So, it’s not the necessarily floor, it’s the AA at FIRE. For risk-tolerant people it can be 60%, even all the way to 100%. For risk-averse, yeah, you might want to take it down all the way to 40%.
Is there anywhere that you’ve evaluated asset allocation recommendations for your taxable accounts vs tax advantaged accounts? I am 45. I have accounts that need to get me to age 65 and I have accounts that I’ll touch after 65. I’m looking to keep the 401k and Roth closer to 90% equities. The “short-term” taxable accounts are currently about 70%, but seeing as I’m at 3.25% swr now with at least a little more time working ahead of me, I’m considering dropping that.
I hold a good chunk of my taxable accounts in my options trading strategy.
Most recent ramblings on it here:
Dear Big ERN:
This article was forwarded to me, on approx March 24, 2022.
I have recently built a retirement contribution calculator website,
and after reading your article, I used my calculator site to examine
three scenarios of 20 years of working and saving, followed by 60 years of retirement,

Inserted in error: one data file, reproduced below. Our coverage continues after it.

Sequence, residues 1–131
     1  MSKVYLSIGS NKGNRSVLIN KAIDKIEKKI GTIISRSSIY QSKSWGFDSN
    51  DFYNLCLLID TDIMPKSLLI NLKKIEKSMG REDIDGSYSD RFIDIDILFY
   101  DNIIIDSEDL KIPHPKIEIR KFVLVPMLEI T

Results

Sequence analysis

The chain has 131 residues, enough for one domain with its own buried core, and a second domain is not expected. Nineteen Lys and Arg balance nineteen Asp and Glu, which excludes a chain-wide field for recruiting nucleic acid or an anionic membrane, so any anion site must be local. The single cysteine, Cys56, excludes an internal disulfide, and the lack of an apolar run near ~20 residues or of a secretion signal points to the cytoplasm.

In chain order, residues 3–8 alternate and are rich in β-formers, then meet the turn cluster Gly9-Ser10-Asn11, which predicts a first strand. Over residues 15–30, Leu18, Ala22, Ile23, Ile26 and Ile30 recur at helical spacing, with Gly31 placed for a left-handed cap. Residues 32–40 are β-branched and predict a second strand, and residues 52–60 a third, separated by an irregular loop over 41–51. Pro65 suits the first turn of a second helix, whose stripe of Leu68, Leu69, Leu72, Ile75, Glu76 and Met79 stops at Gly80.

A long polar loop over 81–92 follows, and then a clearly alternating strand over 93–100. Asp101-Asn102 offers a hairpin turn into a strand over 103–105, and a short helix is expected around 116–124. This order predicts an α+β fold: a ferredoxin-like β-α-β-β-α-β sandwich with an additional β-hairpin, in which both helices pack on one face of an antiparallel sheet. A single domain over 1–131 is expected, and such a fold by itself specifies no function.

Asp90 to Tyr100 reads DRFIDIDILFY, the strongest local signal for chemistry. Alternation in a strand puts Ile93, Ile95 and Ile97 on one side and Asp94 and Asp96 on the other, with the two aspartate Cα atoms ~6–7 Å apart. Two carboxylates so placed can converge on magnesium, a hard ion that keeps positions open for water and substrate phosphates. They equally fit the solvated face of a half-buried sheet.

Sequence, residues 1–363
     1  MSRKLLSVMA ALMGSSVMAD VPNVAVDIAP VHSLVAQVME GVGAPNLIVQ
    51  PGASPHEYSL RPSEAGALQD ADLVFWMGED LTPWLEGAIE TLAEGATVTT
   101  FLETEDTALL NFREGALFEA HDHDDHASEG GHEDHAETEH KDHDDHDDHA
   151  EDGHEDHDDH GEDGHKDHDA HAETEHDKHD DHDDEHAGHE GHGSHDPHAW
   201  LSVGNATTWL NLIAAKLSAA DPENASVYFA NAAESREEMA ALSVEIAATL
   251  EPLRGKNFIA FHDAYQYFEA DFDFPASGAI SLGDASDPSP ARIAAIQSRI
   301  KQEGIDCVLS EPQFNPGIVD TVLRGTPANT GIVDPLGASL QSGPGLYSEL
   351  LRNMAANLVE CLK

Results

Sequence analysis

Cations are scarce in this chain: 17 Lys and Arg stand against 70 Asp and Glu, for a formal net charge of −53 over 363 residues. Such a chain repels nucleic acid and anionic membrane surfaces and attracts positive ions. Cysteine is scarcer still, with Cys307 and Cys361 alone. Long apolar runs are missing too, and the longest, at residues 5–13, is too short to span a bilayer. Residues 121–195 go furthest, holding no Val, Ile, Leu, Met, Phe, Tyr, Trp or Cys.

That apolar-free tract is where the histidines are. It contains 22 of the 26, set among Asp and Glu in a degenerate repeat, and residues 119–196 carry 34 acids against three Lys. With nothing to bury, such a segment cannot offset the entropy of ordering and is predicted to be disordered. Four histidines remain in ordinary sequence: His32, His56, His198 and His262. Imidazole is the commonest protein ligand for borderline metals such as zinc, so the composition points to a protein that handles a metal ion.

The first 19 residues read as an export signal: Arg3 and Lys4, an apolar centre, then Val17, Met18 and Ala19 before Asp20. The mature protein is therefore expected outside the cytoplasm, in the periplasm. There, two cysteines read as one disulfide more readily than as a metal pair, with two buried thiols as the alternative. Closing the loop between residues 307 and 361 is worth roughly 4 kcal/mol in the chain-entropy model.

with payouts of 50% of final years’ salary and COLA’s of 2.5% per year.
Raises are assumed to be 3% annually.
The investment yields shown, need to remain in effect for life — both before and after retirement,
and show the salary contributions needed for each,
and the max savings / salary ratio achieved before payouts begin.
Yield: Contrib: Sav/Sal:
5.5% 52.55% 14.05X
7.0% 33.43% 10.53X
8.5% 22.21% 8.26X
Nothing is assumed about security selection.
This is more abstract: ONLY the math that needs to be satisfied to make this retirement work.
This tells me something interesting:
Unless I’m doing the 52.55% contributions and expecting only 5.5% return,